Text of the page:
The IEL’s 64th Annual Oil and Gas Law Conference took place in Houston’s JW Marriott Hotel on February 21 and 22, 2013. For IEL members, proceedings began the previous afternoon with a meeting of the IEL’s advisory board, followed by meetings of the six practice committees, and the advisory board annual dinner in Houston Country Club.
Advisory Board Dinner, Houston Country Club
With over 440 registered delegates, this year’s conference trumped all modern records. Thursday morning began with the conference in plenary session, and the presentation to the winner of the first Hartrick Scholar writing competition, Zeb Zankel of Santa Clara University School of Law, with a check for $2,500. Zeb’s paper, Dissonance in the California Wholesale Electricity Market, was selected from the 49 entries to the competition for the quality of its construction and legal analysis. Zeb’s paper will be published by the IEL in conjunction with LexisNexis in Proceedings of the 64th Annual Oil and Gas Law Conference, along with the other conference papers.
Alan Dunlop (right), IEL Co-Director, presents the writing prize to Zeb Zankel
The conference began with a talk on the "rational middle” by Greg Kallenberg, and a comprehensive update on recent legal developments from Kevin Colosimo. Professor Nancy Rapoport provided delegates with an hour of ethics credit with a highly entertaining presentation on lawyers’ ethics in pop culture, before the conference split into concurrent sessions covering oilfield services and compliance and enforcement, and later international and US regulatory.
Thursday evening saw the John Rogers Award dinner at the Houston Petroleum Club downtown. Rex W. Tillerson, Chairman and CEO of ExxonMobil, was introduced by Jack Balagia, ExxonMobil’s general counsel, and was presented with the John Rogers Award by IEL Advisory Board Chair, David F. Asmus. Tillerson then addressed the over-200 dinner attendees on a variety of industry themes, during which he noted the importance of lawyers and the rule of law to the proper functioning of the oil and gas industry both at home and abroad.
IEL Chair Dave Asmus (left) presents the John Rogers Award to Rex Tillerson
Friday morning began with concurrent sessions on US litigation and US transactional, notable for a particularly on point panel discussion on heated topics of the day led by an old friend of the IEL, Harrell Feldt, with his panelists, Robin Gibbs and Drew Mccollam. Over lunch on Friday the Deans of Oil and Gas Practice Lecture was presented by Professor Ernest Smith, holder of the Rex G. Baker Centennial Chair in Natural Resources Law at the University of Texas School of Law. Celebrating over 50 years of teaching law, Smith treated the delegates to his thoughts on the shale revolution in the US, and to some predictions of how he anticipated regulation of shale developing in the future.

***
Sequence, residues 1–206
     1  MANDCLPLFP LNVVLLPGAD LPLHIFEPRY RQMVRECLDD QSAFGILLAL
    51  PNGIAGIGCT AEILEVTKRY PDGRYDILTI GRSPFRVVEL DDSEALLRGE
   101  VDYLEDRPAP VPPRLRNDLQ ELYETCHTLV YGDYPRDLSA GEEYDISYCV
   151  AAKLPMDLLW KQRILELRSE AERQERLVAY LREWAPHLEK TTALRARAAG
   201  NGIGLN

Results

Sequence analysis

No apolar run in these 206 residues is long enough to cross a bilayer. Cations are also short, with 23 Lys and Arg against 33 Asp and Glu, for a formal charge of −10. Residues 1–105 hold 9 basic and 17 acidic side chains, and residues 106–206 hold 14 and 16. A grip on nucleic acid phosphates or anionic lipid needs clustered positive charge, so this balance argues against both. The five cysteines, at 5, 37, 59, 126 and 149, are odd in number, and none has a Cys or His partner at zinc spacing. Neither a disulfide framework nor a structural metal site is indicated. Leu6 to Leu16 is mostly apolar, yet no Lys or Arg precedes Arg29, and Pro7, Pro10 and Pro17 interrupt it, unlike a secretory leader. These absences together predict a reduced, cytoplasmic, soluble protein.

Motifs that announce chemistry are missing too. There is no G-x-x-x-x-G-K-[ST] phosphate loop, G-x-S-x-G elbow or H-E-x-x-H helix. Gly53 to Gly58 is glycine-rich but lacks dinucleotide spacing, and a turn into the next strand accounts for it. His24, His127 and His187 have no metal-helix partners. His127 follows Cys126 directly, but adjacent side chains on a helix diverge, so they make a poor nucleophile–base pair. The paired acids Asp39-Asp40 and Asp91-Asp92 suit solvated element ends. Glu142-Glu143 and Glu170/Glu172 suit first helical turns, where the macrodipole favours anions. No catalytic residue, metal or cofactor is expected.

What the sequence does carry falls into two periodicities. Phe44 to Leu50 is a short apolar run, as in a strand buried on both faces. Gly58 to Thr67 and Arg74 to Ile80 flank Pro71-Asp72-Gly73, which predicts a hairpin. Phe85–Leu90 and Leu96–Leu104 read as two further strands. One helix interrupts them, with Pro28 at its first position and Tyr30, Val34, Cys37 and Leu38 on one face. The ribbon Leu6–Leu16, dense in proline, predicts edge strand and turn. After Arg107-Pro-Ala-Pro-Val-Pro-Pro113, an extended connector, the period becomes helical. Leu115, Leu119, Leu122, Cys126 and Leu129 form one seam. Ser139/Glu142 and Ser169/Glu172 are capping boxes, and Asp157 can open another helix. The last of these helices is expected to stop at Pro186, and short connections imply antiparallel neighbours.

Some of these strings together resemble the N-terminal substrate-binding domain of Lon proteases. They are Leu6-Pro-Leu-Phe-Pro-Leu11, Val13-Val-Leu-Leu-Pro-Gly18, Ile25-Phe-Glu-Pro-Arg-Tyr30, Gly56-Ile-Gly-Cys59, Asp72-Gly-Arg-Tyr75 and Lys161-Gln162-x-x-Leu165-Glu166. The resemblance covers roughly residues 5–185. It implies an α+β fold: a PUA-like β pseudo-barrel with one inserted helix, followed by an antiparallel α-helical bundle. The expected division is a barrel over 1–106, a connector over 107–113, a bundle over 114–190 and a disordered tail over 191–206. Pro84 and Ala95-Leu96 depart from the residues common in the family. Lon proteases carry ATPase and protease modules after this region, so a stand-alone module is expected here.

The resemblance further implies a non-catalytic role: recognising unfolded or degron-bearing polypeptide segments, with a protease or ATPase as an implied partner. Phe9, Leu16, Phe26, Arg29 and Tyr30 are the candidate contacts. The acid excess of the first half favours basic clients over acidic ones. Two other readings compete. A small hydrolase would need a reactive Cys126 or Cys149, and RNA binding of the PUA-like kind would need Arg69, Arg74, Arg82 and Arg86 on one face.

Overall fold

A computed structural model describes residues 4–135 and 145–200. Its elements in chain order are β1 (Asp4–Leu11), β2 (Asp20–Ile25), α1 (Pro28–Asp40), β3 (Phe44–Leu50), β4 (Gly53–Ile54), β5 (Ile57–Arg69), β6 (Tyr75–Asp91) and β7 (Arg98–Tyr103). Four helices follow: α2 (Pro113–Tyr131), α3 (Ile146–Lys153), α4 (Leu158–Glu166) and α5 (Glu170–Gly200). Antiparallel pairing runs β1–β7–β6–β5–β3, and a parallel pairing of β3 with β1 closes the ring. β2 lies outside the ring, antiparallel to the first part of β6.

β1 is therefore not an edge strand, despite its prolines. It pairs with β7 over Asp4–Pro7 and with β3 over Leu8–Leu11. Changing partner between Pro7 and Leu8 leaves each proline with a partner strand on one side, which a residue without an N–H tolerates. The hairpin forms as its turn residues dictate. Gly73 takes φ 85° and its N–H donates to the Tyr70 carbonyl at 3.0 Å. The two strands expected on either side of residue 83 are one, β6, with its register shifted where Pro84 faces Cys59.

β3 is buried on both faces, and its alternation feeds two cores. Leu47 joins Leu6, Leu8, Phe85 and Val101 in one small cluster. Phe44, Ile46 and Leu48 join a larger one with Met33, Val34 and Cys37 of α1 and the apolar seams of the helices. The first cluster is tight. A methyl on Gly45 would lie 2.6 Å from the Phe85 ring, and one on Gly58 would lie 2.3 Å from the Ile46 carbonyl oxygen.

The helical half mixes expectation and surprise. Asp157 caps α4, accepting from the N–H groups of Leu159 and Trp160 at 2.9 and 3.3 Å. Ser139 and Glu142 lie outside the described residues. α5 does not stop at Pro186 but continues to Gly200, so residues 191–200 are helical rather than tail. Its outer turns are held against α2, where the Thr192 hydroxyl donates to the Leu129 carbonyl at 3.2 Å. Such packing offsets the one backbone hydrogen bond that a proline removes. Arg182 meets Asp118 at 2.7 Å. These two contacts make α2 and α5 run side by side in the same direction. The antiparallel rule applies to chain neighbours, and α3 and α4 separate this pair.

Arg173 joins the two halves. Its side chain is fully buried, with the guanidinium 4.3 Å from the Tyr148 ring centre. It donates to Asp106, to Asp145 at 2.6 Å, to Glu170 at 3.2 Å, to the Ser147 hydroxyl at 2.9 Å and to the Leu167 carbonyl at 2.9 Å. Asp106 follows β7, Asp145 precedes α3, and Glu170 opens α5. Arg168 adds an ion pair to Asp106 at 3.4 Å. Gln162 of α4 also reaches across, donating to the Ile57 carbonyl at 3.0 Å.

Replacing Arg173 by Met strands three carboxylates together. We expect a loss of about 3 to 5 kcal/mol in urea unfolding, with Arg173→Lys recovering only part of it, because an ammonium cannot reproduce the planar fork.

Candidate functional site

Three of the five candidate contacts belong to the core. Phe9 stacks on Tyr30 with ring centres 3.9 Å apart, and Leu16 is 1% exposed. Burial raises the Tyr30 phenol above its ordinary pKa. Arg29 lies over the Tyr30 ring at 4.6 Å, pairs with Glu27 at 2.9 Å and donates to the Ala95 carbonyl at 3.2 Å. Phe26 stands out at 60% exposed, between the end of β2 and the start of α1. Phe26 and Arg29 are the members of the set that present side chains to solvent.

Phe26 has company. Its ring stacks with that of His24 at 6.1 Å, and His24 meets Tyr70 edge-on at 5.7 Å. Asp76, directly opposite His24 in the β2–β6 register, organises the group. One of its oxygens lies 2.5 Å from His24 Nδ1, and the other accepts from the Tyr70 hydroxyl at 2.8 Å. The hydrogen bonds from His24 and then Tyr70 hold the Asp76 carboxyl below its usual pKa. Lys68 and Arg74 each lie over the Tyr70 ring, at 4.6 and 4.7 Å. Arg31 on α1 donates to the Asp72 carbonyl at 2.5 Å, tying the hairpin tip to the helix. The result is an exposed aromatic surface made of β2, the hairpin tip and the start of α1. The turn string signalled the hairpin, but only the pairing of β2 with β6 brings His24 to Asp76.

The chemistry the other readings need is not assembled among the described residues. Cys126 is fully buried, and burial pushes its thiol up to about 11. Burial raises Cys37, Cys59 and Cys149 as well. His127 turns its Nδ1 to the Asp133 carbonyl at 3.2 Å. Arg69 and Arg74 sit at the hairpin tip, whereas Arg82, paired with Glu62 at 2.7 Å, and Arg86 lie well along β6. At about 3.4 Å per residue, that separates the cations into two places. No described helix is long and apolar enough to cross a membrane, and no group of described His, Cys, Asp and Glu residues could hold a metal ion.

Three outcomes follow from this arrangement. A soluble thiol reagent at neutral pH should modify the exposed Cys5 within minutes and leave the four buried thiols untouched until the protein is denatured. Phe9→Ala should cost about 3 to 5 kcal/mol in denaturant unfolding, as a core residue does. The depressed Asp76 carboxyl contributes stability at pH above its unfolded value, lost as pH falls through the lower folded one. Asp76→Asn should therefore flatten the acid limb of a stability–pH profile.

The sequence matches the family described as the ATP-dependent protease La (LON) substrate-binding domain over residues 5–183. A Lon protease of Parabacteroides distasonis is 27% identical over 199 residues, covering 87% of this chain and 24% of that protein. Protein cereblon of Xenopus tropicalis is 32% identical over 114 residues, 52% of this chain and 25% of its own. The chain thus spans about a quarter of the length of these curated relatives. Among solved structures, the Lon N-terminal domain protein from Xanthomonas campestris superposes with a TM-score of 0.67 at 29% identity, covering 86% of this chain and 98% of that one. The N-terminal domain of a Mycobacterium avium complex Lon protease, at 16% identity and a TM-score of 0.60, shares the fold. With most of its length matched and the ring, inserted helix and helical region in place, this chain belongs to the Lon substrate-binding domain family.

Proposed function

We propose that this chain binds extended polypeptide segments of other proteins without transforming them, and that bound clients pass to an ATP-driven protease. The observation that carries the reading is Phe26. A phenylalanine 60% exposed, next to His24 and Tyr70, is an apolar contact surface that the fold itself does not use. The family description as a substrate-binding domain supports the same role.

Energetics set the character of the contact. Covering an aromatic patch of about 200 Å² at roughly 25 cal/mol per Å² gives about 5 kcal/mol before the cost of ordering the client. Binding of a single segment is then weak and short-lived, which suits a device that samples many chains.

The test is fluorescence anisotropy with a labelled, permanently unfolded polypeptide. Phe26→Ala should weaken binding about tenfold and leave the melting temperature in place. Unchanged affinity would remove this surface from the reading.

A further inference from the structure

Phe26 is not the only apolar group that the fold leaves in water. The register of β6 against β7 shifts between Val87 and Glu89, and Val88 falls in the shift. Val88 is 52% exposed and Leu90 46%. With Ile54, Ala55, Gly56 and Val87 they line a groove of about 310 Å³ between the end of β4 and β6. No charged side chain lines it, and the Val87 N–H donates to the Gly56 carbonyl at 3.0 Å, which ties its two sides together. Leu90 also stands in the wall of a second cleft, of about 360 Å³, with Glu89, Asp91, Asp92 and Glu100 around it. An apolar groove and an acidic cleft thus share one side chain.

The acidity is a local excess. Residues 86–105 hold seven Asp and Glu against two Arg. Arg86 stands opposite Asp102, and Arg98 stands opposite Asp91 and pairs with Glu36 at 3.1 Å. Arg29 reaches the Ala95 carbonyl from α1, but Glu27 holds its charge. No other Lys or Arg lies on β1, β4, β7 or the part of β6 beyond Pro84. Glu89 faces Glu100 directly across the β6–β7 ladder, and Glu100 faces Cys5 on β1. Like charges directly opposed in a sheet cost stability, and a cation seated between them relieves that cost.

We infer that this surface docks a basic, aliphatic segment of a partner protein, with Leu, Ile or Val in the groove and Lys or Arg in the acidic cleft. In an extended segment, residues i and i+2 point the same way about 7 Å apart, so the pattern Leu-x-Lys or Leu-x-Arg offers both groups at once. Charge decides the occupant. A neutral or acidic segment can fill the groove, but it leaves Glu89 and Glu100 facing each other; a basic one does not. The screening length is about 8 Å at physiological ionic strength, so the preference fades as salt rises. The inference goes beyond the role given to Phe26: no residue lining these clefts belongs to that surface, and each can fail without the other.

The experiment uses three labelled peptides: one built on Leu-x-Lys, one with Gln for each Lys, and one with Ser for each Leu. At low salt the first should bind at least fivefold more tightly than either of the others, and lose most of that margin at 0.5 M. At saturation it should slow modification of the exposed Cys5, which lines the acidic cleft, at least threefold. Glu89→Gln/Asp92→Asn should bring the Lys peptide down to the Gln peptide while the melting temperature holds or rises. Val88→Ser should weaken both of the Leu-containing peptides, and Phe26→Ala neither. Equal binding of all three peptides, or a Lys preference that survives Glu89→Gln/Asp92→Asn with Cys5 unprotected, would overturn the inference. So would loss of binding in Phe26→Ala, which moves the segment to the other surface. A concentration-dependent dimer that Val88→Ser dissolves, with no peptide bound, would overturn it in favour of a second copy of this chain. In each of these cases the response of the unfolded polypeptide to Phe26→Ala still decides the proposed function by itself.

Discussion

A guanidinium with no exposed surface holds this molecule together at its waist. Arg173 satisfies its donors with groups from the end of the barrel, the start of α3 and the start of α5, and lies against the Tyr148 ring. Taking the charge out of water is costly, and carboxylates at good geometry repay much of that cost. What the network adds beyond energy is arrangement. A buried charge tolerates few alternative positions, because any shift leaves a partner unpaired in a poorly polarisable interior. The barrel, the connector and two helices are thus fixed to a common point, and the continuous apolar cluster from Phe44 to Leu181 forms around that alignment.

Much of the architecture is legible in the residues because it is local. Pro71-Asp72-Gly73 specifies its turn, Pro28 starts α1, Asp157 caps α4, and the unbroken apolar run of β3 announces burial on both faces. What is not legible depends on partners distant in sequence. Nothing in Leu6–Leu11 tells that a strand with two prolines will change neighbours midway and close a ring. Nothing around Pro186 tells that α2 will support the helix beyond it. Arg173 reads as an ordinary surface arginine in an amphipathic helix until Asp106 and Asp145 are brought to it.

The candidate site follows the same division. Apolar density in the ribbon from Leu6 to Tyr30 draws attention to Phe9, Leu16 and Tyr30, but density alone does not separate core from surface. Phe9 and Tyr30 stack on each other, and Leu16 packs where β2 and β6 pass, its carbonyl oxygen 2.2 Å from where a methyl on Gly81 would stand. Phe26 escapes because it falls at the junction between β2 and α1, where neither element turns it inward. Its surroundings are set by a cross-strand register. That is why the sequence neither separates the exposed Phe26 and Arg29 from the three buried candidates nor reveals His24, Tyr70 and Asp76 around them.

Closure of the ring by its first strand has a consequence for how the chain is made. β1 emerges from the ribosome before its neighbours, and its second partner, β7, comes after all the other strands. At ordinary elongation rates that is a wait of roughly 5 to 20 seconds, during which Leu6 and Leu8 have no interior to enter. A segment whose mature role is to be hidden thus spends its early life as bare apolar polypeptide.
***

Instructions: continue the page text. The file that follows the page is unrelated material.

Professor Ernest Smith (right) receives the Deans of Oil and Gas Practice Lecture Award from IEL Chair Dave Asmus
The final afternoon of the conference began with three concurrent sessions, oil and gas financing, environmental, and the IEL Forum. The Forum was a first time, experimental session based on the ITA Forum of our sister institute, the Institute for Transnational Arbitration. It consisted of an unscripted, moderated discussion led by Harry Sullivan and Larry Simon, and was an opportunity to share experiences and raise concerns in a dialogue format. Those attending deemed the innovation of the Forum a success which should be repeated in future conferences.
Back in plenary session for the afternoon’s concluding presentations, the delegates heard General James Jones, former National Security Adviser, Supreme Allied Commander Europe and Commandant of the US Marine Corps, discuss how the United States might leverage its new found oil and gas production from shale for greater economic and national security. Jones was followed by Professor Greg Smith of LSU with the second ethics presentation of the conference. Smith made staying to the end worthwhile, with an entertaining collection of real examples of ethical misjudgments made by members of our profession.
At the conclusion of the conference, delegates were hosted by the IEL’s Young Energy Professionals Practice Committee at a cocktail reception.
For the first time this year, delegates with Twitter accounts were able to receive live tweets about the conference, both from the IEL and from other conference delegates. You can follow the IEL on Twitter @IEL_CAIL.
An initial review of delegates’ evaluation forms shows that they consistently rated the conference as excellent or very good. Feedback received directly by IEL staff was also favorable, both about the conference and about the new venue in the JW Marriott.